SACRAMENTO, Calif. (KTXL) — Prosecutors said it’s a tragic case of an early prison release, that resulted in the brutal murder of a 77-year-old Sacramento woman.

District attorneys described Darnell Erby as a career criminal, dating back to 1999. Since then, he has been committed and convicted of several felonies and released early for those crimes.

A state assemblyman said he is fed up with the system and that change has to come from the people.

“It’s been a revolving door. Let’s think about the murders of Emma Roark and Kate Tibbits. It’s the same thing. Now, a third one, just here in Sacramento. And that’s very troubling,” Jim Cooper, Assemblyman and Sacramento Sheriff-Elect, said.

Erby is accused of killing and dismembering 77-year-old Pamela May, inside her North Highlands home. He was out on parole early.

Erby was given a combined sentence from both Amador and Placer counties for crimes including using a false ID, forgery and first-degree burglary for a total time of 12 years in 2017.

He was known as a “second striker”, meaning he had previous convictions for other serious crimes.

However, Erby was discharged for time served and released from parole supervision last year.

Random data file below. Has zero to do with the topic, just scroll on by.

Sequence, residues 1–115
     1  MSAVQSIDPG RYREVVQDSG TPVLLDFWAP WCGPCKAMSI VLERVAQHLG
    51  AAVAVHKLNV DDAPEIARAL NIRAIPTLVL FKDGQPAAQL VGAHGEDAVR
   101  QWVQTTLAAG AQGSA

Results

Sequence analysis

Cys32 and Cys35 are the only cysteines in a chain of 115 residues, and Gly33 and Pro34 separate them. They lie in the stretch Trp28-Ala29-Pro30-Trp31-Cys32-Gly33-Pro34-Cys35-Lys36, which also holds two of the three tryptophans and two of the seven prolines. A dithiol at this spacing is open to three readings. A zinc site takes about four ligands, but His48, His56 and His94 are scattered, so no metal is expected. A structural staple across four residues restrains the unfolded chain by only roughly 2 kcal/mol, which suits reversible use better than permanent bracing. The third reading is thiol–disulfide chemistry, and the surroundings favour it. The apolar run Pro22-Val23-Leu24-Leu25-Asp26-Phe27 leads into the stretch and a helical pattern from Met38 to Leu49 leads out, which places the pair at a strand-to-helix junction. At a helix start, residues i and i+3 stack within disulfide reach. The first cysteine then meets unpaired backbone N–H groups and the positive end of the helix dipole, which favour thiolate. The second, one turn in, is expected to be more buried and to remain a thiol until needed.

“It’s at the state level, and really a soft on crime issue. With this individual, a revolving door, you go to prison, get out very quickly. And these folks know that. And there’s a problem with that. They commit crimes and there’s no accountability.”

As word spread about the brutal death of Pamela May, those who have prosecuted Erby were appalled. 

“Shock that’s the first thing that hits. And then frustration and anger,” Todd Riebe, Amador County District Todd Rieb Attorney, said.

Riebe opposed Erby’s early parole in 2017 and wrote a letter to the California Department of Corrections and Rehabilitation.

“This is a man that he’s only been free of incarceration for five to six years over the last 20. And during that period of time, he manages to commit eight new felonies. And is arrested 20 times,” Riebe said.

Riebe said, while Erby was in custody, he didn’t address his substance abuse or do any type of rehabilitation programs for his crimes. 

Placer County District Attorney Morgan Gire also wrote a letter to the CDCR opposing Erby’s early release.

“The Department of Correction and Rehabilitation’s haste to release violent inmates is directly placing the community in danger. They’re rapidly trying to release people and seemingly without any care,” Gire said.

For the past several years, Sacramento County District Attorney Anne Marie Schubert, has also authored letters in opposition to early release.

“Very, very serious consequences are occurring when you let people out early that are not rehabilitated,” Sacramento County District Attorney Anne Marie Schubert said.

She said to slow down the revolving prison door more rehab and more accountability is necessary. She believes the state is missing on both factors, which is dangerous for public safety.